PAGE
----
[Blog post] Variance in Rust: An intuitive explanation


I've put together an intuitive explanation of Variance and why it's important here: Variance in Rust: An intuitive explanation - Ehsan's Blog

Any comments is more than welcome!


Would it be possible to explain it without using the term type constructor?

I don't think ever of constructing types, and when you say constructor I think of fn new(), so I'm already lost in the second paragraph.

Just FWIW (not necessarily disagreeing with your feedback), you have the right idea with respect to fn new(), but instead of thinking about it at the value level, it just applies to the type level. e.g., If you want to create a value Foo but all you have is a Foo::new, then you have a constructor for Foo rather than a Foo itself.

The same applies to types. For example, Vec is not actually a concrete type in the exact same way that Foo::new is not actually a Foo. A Vec is just something you can use to build a concrete type by applying it to another concrete type.

Starting a conversation about variance by limiting its scope to type constructors helps orient yourself. But you're right of course. It only helps orient oneself insomuch as you already know what "type constructor" means. I think maybe keeping the term by adding some examples to the blog post would help.

I would use the expression "generic type" since I think it's more easily understandable for your target audience, and maybe add a footnote where you talk about type constructor being "the more accurate name".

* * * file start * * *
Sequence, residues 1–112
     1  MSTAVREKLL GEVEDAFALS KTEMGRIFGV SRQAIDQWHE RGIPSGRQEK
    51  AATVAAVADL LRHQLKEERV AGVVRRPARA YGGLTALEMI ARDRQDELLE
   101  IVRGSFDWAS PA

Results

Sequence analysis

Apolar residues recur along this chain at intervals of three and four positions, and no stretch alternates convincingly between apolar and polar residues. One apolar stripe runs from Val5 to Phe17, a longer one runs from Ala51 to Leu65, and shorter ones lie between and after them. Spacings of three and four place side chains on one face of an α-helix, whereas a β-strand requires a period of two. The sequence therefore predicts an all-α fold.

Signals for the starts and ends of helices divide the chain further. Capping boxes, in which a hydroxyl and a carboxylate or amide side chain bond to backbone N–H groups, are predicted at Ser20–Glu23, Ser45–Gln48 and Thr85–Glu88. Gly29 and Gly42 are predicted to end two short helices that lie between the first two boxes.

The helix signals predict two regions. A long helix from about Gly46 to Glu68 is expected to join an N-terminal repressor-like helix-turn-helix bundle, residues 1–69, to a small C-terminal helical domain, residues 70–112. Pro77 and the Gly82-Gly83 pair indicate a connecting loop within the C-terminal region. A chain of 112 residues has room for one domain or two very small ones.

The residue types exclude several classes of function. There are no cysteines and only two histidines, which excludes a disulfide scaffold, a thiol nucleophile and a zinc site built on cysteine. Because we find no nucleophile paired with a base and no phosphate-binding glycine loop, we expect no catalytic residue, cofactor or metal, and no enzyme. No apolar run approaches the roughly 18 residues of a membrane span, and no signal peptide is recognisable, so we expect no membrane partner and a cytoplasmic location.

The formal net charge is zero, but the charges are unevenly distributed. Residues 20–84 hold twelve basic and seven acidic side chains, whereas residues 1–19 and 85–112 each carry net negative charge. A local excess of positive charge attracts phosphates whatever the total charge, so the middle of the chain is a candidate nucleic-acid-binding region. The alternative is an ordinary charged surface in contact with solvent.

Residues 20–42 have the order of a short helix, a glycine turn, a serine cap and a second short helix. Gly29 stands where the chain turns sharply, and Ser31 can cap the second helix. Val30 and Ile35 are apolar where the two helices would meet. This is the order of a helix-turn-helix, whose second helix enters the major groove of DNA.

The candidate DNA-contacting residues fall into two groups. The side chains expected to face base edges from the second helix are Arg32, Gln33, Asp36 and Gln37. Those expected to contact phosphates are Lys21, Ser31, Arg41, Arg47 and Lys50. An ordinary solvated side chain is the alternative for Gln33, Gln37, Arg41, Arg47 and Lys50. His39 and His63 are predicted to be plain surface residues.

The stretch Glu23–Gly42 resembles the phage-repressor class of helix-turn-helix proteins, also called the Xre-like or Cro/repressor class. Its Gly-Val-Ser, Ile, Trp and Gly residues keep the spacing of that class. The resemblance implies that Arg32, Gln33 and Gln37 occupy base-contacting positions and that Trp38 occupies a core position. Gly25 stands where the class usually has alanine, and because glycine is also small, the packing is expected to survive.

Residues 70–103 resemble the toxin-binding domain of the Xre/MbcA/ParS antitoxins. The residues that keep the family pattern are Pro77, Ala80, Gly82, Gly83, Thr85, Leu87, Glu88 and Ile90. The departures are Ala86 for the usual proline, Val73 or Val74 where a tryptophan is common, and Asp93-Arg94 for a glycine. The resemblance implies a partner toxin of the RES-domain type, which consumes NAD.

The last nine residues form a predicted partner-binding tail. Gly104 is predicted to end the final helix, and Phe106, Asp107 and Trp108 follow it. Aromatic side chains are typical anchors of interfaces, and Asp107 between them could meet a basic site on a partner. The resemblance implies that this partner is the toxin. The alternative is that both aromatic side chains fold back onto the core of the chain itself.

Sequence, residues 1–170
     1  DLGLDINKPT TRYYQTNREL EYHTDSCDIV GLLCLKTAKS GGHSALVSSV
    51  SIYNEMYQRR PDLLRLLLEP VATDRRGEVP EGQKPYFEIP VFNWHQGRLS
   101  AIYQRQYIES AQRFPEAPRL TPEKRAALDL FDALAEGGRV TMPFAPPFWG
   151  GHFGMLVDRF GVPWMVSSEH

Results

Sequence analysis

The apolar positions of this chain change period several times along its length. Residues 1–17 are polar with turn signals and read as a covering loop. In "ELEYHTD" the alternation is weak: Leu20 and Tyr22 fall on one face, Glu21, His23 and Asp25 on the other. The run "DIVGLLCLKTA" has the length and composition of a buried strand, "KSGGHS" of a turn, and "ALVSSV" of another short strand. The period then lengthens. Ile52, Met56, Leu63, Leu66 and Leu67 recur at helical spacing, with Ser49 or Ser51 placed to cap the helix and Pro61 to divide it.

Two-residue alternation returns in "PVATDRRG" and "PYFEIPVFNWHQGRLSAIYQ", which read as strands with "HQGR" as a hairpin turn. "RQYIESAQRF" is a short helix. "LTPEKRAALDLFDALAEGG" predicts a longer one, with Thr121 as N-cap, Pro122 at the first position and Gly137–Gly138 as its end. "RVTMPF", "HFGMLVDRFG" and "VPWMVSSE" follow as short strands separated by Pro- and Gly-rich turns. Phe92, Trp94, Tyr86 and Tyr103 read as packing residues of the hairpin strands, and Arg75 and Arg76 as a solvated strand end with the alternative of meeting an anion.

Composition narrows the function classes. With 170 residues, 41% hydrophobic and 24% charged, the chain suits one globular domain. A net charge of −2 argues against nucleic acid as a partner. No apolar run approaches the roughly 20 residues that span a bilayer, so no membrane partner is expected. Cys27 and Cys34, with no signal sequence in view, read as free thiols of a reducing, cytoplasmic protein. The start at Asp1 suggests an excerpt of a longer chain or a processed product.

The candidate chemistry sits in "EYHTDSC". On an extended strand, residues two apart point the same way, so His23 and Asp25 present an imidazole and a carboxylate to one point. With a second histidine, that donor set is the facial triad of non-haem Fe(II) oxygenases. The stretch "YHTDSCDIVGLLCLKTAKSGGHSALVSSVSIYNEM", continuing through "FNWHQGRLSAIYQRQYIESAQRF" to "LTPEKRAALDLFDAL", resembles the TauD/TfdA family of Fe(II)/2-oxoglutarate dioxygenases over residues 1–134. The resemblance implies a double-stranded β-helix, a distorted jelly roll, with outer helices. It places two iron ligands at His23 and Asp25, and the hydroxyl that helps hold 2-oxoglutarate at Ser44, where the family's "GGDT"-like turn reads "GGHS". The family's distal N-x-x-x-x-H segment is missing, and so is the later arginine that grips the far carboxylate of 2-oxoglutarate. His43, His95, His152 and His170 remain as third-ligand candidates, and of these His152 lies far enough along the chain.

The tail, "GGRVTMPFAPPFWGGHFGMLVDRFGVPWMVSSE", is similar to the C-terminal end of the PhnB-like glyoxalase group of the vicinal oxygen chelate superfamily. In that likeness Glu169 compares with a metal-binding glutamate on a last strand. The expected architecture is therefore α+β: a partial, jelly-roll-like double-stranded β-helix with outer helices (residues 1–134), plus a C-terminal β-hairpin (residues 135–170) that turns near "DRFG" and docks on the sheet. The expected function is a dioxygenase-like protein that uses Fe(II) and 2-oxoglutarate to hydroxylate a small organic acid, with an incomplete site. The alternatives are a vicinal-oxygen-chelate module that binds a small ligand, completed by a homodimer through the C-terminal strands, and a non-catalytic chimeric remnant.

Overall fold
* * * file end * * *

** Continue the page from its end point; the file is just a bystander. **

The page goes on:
I sort of get it, but type constructor is not part of usual Rust vocabulary. When I program in Rust I don't think of "constructing" types, even though I am technically constructing types. To me it's just an alien term. Even if that's the most technically accurate term, it doesn't ground the explanation in my existing intuition.

Great! thank you all for you feedbacks and suggestions @kornel @BurntSushi @Yandros. This is exactly what I was looking for.

I've just updated the blog post and removed any mention of type constructor but only at the very end. Hope it's more accessible now.


You may be interested in: Understanding Rust Lifetimes. No, seriously, this time for real | by Maksym Zavershynskyi | NEAR Protocol | Medium

Thanks! Pretty good. I've already referred to it in my presentation. I wanted to explain it without any particular formalism and get to the point fast.

It's a nice article, but do note that the author gets the lifetime bounds wrong at the end of the article.